Clandestine Group Development With Tor’s Hidden Service Protocol


Sometimes you have a great software project you want to work on for the benefit of the community. It is so great in fact, that engaging in development is outright illegal, and the company who’s patents you are infringing upon is not afraid to come after you with a lawsuit. So you are left with a very hot programming endeavour, and the need to have a cooperative effort with others in the community to make it happen within a short period of time.

This is exactly what Tor’s Hidden Service Protocol was created for! I kid…it was created for worthy goals like promoting free speech and political dissent in oppressive regimes, but its all the same for our goals.

The Setup of the Hidden Service

Setting up a hidden repository with git and tor is pretty simple:

  1. First, you open up torrc and type in the port and directory for your hidden service.
  2. Make sure that the user/directory for your hidden service exists and is accessible.
  3. Modify your sshd_config to not accept connections from anywhere but localhost.
  4. Install and configure gitolite normally.
  5. Run tor.
  6. Locate your hidden_service directory and note what the hostname for the hidden service is. Ex: xxxxasas.onion
  7. Distribute tor service hostname anonymously.
  8. A good method could be having users post public keys in a forum that you can check anonymously.

Example of key directory for a working repo:

The Setup of client (Windows)

In order for the contributors to be able to access your repository they need to take the following steps:

1. Modify the .ssh/config file as follows:

Host hostname.onion
User g
PreferredAuthentications publickey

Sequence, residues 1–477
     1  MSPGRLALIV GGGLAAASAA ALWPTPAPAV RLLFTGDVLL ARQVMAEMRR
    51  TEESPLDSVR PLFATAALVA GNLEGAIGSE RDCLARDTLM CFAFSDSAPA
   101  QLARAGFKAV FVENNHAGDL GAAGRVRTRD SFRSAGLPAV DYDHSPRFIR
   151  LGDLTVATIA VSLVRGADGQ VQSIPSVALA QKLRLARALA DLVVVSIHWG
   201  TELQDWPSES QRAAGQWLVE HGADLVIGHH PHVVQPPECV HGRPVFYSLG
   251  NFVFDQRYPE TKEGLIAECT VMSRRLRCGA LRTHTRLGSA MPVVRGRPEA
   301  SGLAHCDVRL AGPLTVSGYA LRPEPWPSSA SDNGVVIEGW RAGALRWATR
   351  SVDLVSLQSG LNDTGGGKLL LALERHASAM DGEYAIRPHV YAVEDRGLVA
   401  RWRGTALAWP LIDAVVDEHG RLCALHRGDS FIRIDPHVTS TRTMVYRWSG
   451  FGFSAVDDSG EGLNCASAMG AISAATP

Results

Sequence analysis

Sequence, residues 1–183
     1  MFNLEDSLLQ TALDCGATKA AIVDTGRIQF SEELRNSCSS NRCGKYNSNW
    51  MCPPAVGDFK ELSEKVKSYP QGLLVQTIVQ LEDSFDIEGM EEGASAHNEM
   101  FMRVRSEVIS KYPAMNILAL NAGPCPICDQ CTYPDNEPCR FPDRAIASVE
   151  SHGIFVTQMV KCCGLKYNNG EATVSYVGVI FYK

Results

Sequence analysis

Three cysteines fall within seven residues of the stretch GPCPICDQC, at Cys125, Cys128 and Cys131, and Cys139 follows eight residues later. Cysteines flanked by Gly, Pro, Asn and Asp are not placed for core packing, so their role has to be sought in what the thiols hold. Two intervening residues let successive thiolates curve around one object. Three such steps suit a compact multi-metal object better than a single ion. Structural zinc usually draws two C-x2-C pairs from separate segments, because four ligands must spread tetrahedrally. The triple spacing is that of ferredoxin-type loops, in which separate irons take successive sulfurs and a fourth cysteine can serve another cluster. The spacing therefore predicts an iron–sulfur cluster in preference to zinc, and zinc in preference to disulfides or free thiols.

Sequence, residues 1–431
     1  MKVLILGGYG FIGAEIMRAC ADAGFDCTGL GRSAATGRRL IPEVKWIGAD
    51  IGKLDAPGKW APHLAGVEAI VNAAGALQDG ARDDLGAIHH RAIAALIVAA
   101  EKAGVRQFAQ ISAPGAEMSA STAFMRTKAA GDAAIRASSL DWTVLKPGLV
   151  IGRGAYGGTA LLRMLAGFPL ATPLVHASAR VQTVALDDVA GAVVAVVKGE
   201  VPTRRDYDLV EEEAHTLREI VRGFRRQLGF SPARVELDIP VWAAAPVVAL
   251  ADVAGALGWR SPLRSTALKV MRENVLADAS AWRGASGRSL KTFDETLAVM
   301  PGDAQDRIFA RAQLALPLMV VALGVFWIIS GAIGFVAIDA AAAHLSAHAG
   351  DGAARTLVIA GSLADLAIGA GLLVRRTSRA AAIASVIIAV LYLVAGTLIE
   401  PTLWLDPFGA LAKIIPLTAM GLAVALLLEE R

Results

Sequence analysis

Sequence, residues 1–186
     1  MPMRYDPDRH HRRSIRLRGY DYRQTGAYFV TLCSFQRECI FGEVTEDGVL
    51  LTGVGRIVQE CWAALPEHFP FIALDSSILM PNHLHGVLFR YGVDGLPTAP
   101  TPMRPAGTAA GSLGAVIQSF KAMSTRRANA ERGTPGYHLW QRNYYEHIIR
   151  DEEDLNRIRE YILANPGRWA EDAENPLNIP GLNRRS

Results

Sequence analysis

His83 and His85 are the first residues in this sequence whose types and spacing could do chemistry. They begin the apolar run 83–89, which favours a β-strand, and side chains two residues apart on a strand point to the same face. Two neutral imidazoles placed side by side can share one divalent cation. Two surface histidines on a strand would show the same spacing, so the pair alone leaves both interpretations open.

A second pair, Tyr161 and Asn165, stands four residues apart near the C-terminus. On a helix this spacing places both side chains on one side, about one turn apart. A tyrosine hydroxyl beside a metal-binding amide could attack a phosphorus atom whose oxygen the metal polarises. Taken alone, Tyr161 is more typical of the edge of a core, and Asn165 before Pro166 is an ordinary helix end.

Compression yes
ProxyCommand /bin/connect.exe -S %h %p
IdentityFile "C:\Documents and Settings\Administrator\.ssh\YOURKEY"

2. Clone the repo-git clone g@hostname.onion:RepoName

These instructions assume that YOURKEY is a valid key that the repository owner has already added to the repo.

Clones and updates of the repository through the service will be subject to increased latency, like pretty much anything else you do through tor.  Its part of the deal, deal with it.


Learning how to use the tor hidden service protocol is probably one of the easiest, most useful things you’ll ever learn.  Use it carefully and effectively and you will be able to promote solidarity in the community.  Use it recklessly and carelessly and you might just find yourself facing that lawsuit you intended to avoid in the first place.

NOTE: As with every encryption technology, nothing is 100% safe.  Use at your own risk and don’t come crying to me if something goes wrong.  At the end of the day look on the bright side-at least you’re not risking getting killed if it fails, like some other people are.



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